Third: If the battery came off you'll get a spark at its terminals as it disconnects. Again the caveat about getting an explosive mixture to the area of the spark with a path back to the vapor cloud.

      Jamie and Adam "testing several explosive theories" on one segment of a show are hardly an exhaustive disproof. How many of the hundredish models of phone did they test? Did they arrange for a controlled concentration of gasoline at the phone, neither too rich or too lean, so it would actually ignite? Did they crack the phone cases in various ways to create an ignition path? Did they carefully make a pinhole in the rubber duckie antenna right at the end of the conductor?

      Just like being hit by lightning or meteorites, gnition of vapors during fueling, from ANY source (even lit cigarettes!), is a rare event that nevertheless occurs when the conditions are JUST right. And getting the conditions right is hard - in part because automobile designers try to reduce its likelyhood. Millions of fillups occur daily, yet ignition is very rare. No offense to Jamie and Adam, but a few attempts to get it to occur while taping one segment of a show would be extremely unlikely to result in a fireball, e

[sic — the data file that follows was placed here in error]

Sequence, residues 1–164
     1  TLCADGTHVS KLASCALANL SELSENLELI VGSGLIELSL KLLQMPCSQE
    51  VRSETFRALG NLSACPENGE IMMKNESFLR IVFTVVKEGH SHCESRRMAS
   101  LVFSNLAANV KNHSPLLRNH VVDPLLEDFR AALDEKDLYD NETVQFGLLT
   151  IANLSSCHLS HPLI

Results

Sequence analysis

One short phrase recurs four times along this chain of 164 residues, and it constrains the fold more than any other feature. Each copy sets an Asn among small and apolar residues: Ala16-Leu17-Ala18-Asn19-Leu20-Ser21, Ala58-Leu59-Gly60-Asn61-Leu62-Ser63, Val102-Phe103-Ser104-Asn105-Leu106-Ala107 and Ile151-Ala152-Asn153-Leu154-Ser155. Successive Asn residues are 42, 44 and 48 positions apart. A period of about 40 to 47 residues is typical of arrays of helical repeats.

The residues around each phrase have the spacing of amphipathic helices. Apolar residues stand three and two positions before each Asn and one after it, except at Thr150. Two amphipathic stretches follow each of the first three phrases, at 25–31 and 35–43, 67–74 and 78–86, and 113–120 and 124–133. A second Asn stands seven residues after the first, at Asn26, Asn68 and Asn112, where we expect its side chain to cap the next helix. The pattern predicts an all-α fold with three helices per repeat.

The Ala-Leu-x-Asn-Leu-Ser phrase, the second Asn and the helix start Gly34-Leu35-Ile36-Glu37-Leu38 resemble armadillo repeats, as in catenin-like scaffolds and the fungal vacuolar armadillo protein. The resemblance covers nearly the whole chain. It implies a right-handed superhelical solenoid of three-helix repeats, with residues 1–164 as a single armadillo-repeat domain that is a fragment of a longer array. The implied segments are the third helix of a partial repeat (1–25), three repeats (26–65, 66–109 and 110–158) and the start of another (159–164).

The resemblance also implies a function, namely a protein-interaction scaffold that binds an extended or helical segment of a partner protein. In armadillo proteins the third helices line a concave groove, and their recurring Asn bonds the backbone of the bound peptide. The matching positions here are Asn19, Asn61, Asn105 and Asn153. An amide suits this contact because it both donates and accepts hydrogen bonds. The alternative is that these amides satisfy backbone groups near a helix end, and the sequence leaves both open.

• I haven't taken apart my most recent phone, but in the others there isn't really anything to speak of as far as transformers go. These are digital devices we carry around with us without any motors (except the vibrating ring motor). If you are an engineer for Nokia or another company that actually manufactures these units, then let me know what the voltages are...but I refuse to believe there is anything on my phone that can spark except for the small motor.

        If you removed the fans from your computer...

        • by Ungrounded Lightning ( 62228 ) on Tuesday May 18, 2004 @09:29AM (#9182596) Journal
          is the voltage on the antenna really enormous?


          An antenna is a transmission line terminated with an open circuit. (This IS a striaght-line - or bent in various ways - transformer.) The voltage at the end is quite high. If it's excited at its resonance, it is limited only by the losses from radiation, resistance, and surrounding materials.

          Consider the "firefly" decorations once popular on CB antennas. 4.5 watts into 52 ohms produces 15 1/4 volts. A neon lamp requires about 90 volts to ionize and I think it's about 45 to sustain. Yet put one on the end of the antenna and it lights up merrily when you key the transmitter. No big illegal power amplifier required.

          Repeat after me: 3 volts do not arc.

          Sure it does, under a number of conditions.

          You're thinking of STARTING an arc in air. For three volts the gap would have to be microscopic.